1.Nf3 d5

2.d4 Nf6

3.c4 dxc4

Reaching the Queen’s Gambit Accepted through a transposition of moves. The same position occurs more often by the move order 1.d4 d5 2.c4 dxc4 3.Nf3 Nf6.

4.e3 e6

5.Bxc4 c5

6.0–0 a6

7.Qe2 cxd4


Now, White has an isolated d-pawn.


9.Nc3 b5

10.Bb3 0–0

11.Bg5 Bb7

12.Rad1 Nc6

13.Rfe1 Nb4?

Black’s move is a serious mistake. Obviously, Black figured he was preventing White from playing 14.d5.


This is the thematic break in isolated d-pawn type of formations. When it can be safely played, things usually go White’s way.

Queen's Gambit thematic Pawn advance The thematic Pawn advance from d4 to d5.


15.Nxd5 Bxg5

16.Nxb4 Qe7

17.Nd5 Bxd5

18.Bxd5 1–0

White wins a piece, and Black has no compensation for it. It’s amazing that a player of Karpov’s status can lose so quickly.

When things go Black’s way in the Queen's Gambit

Black can saddle White with an isolated d-pawn and prevent it from advancing from d4 to d5. The pawn becomes weak and gets in the way of White’s pieces. As the endgame approaches, the d-pawn’s weakness grows more and more pronounced.

In a game from 1997 played in San Francisco between Guillermo Rey (White) and Alexander Baburin, Black was able to isolate White’s d-pawn and prevent it from advancing. Baburin then attacked it repeatedly, causing White’s pieces to become passive in defense. Eventually, White couldn’t meet Black’s threats, and the d-pawn fell.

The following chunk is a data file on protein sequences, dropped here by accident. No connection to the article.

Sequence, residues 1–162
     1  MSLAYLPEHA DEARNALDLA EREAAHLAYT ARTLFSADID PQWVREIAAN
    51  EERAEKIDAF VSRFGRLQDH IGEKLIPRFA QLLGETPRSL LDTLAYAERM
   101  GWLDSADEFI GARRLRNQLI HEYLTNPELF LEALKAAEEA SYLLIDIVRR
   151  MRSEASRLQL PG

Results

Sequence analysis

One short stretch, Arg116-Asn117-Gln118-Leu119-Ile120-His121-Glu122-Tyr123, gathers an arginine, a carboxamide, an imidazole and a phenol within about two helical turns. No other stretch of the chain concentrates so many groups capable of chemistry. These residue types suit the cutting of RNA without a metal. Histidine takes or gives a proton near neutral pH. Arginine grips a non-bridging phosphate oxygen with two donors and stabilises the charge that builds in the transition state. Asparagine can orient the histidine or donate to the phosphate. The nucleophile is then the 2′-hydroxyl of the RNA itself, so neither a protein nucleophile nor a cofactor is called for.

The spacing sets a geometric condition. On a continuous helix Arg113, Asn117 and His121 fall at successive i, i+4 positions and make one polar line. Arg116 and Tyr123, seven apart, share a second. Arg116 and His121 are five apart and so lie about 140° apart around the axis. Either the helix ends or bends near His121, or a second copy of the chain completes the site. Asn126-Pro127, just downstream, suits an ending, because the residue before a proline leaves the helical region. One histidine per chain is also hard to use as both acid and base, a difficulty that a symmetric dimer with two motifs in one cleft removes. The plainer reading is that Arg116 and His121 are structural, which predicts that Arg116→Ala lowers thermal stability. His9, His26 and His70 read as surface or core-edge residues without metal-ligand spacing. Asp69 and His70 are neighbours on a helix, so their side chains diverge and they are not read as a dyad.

1.d4 d5

2.c4 dxc4

3.Qa4+ Nc6

4.Nf3 Bg4

5.Nc3 Bxf3

6.exf3 e6

7.Be3 Nf6

8.Bxc4 a6

9.Qd1 Nb4

10.0–0 Be7

11.Rc1 0–0

12.Qe2 c6

13.Rfd1 Nbd5

Black occupies the d5 square with his knight, and White has no way to dislodge it. If White captures on d5, it’s important for Black to recapture with a piece rather than a pawn to maintain the blockade.

isolated d-pwn Queen's Gambit Black successfully blockades the isolated d-pawn.

14.a3 Nxc3

15.Rxc3 Nd5

The Black knight takes up the blockade by moving in front of the isolated pawn.

16.Rcd3 Bf6

17.g3 Qd7

18.Ba2 Rad8

19.Qc2 Qc7

20.Kg2 Rd7

Black intends to eventually move the rook on f8 to d8. When two rooks are placed on the same file, it’s called doubling them.

21.h4 h5


When the bishop is placed behind the queen along a diagonal like White did in the preceding move, the two pieces are referred to as a battery.


23.Qd2 Rfd8

Black doubles his rooks on the d-file.

24.Bg5 Bxg5

Although the exchange of bishops leaves Black with some dark-square weaknesses around his king, White has no way to exploit them.

25.Qxg5 Ne7

26.R3d2 Rd5

27.Qe3 Nf5

28.Bxf5 Rxf5

Black captures with the rook to preserve his pawn structure. The rook will head back to the d-file soon enough.

29.b4 Rfd5

30.Qc3 R8d6

31.f4 a5

32.Rb1 Qb6

33.Rbd1 axb4

Black is creating a second weakness in White’s position (the pawn on b4), which he will then attack. White won’t be able to guard both weak pawns.

34.axb4 Rd8

35.Qa3 Rb5

36.Rb1 Rxd4

Finally, the d-pawn falls, and it’s a simple win — at least for a grandmaster!

37.Qa8+ Kg7

38.Rbd1 Rbxb4

39.Qb8 c5

40.Rxd4 Rxd4

41.Ra1 Rd8

42.Qe5+ Kg8

43.Qf6 c4

44.f5 Qd4 0–1

Want to learn more? Check out our Chess Openings Cheat Sheet.